Duckworth’s parents think he is a difficult child, so when a snake slides right up and swallows him whole, his parents don’t believe him! What’s poor Duckworth to do?
Duckworth is a difficult child.
At least that’s what his parents think.
So when Duckworth tries to explain that a gigantic snake slithered out of his closet, his parents insist it’s all in his head—he is far too old to be imagining such nonsense. (And will he please do his chores?) But even when the cobra slides right up and swallows Duckworth whole, his parents remain unconvinced! (Where did he find that snake costume, and will he please put it away?)
What’s poor Duckworth to do when his parents just won’t listen? With nods to the deliciously dark humor of Edward Gorey, Florence Parry Heide, and Jon Klassen, Michael Sussman and Júlia Sardà empathize with children everywhere who must find ways to deal with their difficult parents.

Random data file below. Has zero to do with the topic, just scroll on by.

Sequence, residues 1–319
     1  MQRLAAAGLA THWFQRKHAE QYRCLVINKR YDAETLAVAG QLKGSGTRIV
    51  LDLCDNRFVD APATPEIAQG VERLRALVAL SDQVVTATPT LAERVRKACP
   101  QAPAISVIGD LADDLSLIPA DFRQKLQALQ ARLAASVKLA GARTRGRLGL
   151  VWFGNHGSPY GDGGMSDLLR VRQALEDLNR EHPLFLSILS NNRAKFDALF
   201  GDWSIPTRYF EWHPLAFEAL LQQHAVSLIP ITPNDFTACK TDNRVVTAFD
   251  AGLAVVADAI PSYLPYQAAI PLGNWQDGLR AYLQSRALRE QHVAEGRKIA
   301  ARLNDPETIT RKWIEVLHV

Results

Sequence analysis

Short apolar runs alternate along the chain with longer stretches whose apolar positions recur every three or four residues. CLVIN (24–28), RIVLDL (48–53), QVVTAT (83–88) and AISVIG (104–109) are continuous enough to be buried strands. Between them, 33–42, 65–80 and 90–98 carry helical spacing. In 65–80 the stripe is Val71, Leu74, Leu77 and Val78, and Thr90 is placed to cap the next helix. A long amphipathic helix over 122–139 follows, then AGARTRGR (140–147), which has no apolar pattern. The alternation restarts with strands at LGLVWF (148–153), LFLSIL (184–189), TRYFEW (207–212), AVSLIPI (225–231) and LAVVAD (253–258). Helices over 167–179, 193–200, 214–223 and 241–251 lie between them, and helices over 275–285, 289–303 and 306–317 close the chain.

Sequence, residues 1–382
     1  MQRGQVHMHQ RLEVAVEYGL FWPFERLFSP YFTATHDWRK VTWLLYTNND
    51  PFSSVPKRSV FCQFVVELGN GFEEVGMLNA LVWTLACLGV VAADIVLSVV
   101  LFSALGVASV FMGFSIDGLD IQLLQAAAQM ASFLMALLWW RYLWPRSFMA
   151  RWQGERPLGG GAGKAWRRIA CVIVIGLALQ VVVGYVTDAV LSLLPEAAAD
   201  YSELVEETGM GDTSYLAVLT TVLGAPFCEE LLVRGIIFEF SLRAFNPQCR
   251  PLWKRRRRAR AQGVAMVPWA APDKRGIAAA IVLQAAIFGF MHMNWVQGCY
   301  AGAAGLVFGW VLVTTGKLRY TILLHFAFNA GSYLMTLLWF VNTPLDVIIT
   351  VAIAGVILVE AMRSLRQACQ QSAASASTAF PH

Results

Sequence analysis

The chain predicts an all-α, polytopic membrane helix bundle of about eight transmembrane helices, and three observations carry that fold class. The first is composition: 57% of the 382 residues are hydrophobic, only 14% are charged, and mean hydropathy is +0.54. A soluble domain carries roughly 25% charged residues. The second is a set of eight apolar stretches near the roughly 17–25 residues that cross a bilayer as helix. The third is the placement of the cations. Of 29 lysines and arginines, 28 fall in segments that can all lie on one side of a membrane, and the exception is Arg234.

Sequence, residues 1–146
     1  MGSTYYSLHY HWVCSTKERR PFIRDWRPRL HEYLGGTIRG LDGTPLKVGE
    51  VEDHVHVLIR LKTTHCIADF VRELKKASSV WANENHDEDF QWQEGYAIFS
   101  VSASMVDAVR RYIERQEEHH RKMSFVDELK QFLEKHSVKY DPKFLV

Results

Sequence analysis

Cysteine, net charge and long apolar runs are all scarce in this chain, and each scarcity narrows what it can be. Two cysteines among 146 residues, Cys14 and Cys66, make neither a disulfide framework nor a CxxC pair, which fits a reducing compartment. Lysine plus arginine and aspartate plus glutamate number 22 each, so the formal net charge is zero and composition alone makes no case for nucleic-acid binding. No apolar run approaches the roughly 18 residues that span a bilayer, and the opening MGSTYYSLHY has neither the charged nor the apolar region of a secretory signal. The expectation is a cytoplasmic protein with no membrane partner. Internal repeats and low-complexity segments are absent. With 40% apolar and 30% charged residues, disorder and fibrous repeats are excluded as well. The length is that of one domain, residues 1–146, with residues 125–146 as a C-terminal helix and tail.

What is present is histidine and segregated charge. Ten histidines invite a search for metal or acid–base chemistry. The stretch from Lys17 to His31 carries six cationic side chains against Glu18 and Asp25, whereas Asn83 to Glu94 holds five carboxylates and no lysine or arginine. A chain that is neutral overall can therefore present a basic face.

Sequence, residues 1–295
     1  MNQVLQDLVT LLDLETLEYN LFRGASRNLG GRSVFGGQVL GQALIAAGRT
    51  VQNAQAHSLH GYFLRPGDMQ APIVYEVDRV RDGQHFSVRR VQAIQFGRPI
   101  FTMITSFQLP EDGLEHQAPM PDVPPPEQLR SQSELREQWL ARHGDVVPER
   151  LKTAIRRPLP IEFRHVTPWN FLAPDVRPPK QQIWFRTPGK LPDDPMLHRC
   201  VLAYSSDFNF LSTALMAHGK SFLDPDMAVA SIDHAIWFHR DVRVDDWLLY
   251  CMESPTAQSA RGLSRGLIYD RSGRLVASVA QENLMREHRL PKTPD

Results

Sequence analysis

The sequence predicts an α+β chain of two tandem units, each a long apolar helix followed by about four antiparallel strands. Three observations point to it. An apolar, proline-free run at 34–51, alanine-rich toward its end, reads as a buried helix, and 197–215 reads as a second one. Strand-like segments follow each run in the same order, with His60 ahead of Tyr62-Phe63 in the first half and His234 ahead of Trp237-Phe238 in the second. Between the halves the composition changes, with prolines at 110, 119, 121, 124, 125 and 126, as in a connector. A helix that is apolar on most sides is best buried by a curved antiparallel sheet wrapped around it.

Duckworth has a problem: a scarlet serpent as big as a minivan is coiled in his closet, and his parents, immersed in their new copy of Dealing with Your Difficult Child, are unconcerned. Then the snake swallows Duckworth neatly, so that he can still hold a conversation. They remain unimpressed. "Where did you find that snake costume?" his father asks. After his parents share a game of checkers, a dinner, and a stroll with the snake, it's clear that Duckworth must save himself. He does, handily, and the snake exits without a fuss. Sard (Mary Who Wrote Frankenstein) creates an elegantly chilly atmosphere for Duckworth's Treehorn Trilogy esque drawing room comedy. His parents' on-trend d cor provides a perfect foil for the beast's primal energy; the house is all plinths and angles, while the snake forms a tangle of graceful, undulating curves. Sussman (Otto Grows Down) makes the most of the rib-tickling contrast between mortal danger and proper manners: "It's not a snake costume!" shouts Duckworth from inside the snake, his words rendered in tiny type to suggest muffled cries. At the end, though, Duckworth's still stuck with his parents, prompting not a laugh, but a whiff of dread. Ages 4 8. Author's agent: Stephanie Fretwell-Hill, Red Fox Literary. Illustrator's agent: Rebecca Sherman, Writers House.